Asian Pacific American Complete Count Committee Announces One-Year Countdown to 2020 Census And Its Importance to Communities
Flushing, NY — The Asian Pacific American Complete Count Committee (APA CCC), led by Chhaya Community Development Corporation and the MinKwon Center for Community Action, hosted a community rally and press conference today to begin the one-year countdown to the 2020 Census as part of a statewide Census Day of Action, along with the Queens Public Library, NY state and local elected officials, and other community-based organizations across the City. The 2020 Census will be officially launched on April 1, 2020, and community leaders generated awareness by speaking on the importance of participating in the 2020 Census and how the Census impacts and benefits communities, especially hard-to-count immigrant communities and communities of color. At the event, APA CCC launched its multi-language pledge-card campaign for New Yorkers to participate in the 2020 Census, as part of its local census outreach efforts to ensure an accurate and complete count for all residents.
“Ten years ago, the district I represent had one of the highest response rates in Queens. This was because of the hard work by groups like The MinKwon Center reaching out to underrepresented communities. That is why I fought for $20 million in our budget to ensure everyone is counted,” said State Senator Toby Ann Stavisky. “Today I am proud to announce I have joined the lawsuit, filed with the US Supreme Court, to fight the citizenship question on the 2020 Census. I want to commend the launch of the APA Complete Count Committee and urge everyone to participate. The purpose of the Census is to properly gather comprehensive information about our neighborhood so we can better serve and protect and the rights of our diverse communities. As the former district manager for Northeast Queens’ Bureau of the Census, I can assure everyone that their privacy is considered sacred and is protected.”
“The importance of education and outreach cannot be understated as we work towards preventing a Census undercount that could have a damaging impact on communities across the state. From working with advocates on the ground to my colleagues in government, I am proud of and encouraged by our efforts to secure $20 million dollars in this year’s state budget to ensure every individual is counted,” said State Assembly Member Nily Rozic, Chair of the Office of State-Federal Relations.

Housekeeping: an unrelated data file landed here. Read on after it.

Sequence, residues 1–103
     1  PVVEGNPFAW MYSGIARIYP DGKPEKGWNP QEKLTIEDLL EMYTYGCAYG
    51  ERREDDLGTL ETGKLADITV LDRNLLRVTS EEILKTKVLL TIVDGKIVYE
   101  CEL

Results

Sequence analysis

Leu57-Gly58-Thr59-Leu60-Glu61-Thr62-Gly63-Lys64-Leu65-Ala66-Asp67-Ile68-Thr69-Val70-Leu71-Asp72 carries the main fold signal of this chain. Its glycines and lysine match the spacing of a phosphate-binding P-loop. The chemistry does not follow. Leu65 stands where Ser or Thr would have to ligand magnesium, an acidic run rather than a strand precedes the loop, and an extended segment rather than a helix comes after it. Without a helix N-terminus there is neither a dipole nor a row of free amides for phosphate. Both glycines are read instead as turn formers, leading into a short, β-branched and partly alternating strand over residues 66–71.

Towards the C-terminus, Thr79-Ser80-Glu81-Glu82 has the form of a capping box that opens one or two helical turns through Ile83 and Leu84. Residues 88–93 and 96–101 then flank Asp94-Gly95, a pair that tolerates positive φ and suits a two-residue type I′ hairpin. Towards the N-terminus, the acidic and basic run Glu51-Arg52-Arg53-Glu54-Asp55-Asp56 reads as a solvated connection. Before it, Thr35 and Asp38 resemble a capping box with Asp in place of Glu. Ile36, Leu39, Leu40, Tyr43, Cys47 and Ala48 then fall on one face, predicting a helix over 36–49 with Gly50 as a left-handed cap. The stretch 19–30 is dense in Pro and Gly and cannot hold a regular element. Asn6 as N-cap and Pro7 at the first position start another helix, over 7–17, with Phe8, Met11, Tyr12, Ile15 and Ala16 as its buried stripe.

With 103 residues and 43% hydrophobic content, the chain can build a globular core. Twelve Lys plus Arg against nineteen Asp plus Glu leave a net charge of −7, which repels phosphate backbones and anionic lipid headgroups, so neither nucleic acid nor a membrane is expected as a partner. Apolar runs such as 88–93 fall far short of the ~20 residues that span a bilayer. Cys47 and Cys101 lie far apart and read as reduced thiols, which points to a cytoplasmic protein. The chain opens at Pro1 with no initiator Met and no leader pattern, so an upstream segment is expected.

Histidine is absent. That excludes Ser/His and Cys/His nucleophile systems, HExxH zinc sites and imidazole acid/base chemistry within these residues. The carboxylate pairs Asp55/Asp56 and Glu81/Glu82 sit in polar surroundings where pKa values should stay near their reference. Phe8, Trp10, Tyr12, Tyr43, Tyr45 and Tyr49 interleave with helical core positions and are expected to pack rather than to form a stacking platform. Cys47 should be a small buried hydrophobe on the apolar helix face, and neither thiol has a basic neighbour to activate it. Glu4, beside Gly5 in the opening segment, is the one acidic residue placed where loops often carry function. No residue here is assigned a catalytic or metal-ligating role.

State Assembly Member Ron Kim said, "New Yorkers pay far more than they receive at the federal level, and in one year the completion of the 2020 Census will decide whether we allow the disparity in funding and representation to continue or fight to successfully end it. The APA Complete Count Committee represents an exemplary effort by local community groups and leaders to ensure every single member of our community is counted, and that language, cultural, and institutional barriers do not get in the way of a full and complete count -- especially when it comes to our state's Asian Pacific American community. I thank the APA CCC's organizers, including the Minkwon Center for Community Action, the Queens Public Library, and their many partners for taking the lead in this crucial endeavor and fighting on behalf of our community."
State Assembly Member Yuh-Line Niou said: “The results of the 2020 census affect our government in many ways such as reapportioning congressional seats, redistricting, and federal funding for programs like social services, housing, education, or transportation. Every New Yorker counts and we must ensure that we obtain a fair and accurate count of the diverse population we have in the state. Community based organizations will have a huge impact in providing language accessible and culturally sensitive outreach in hard to count communities like Asian-Americans or other immigrant communities. Thank you to the APA CCC in their efforts to generate early awareness for the 2020 Census and highlighting its importance to our communities.”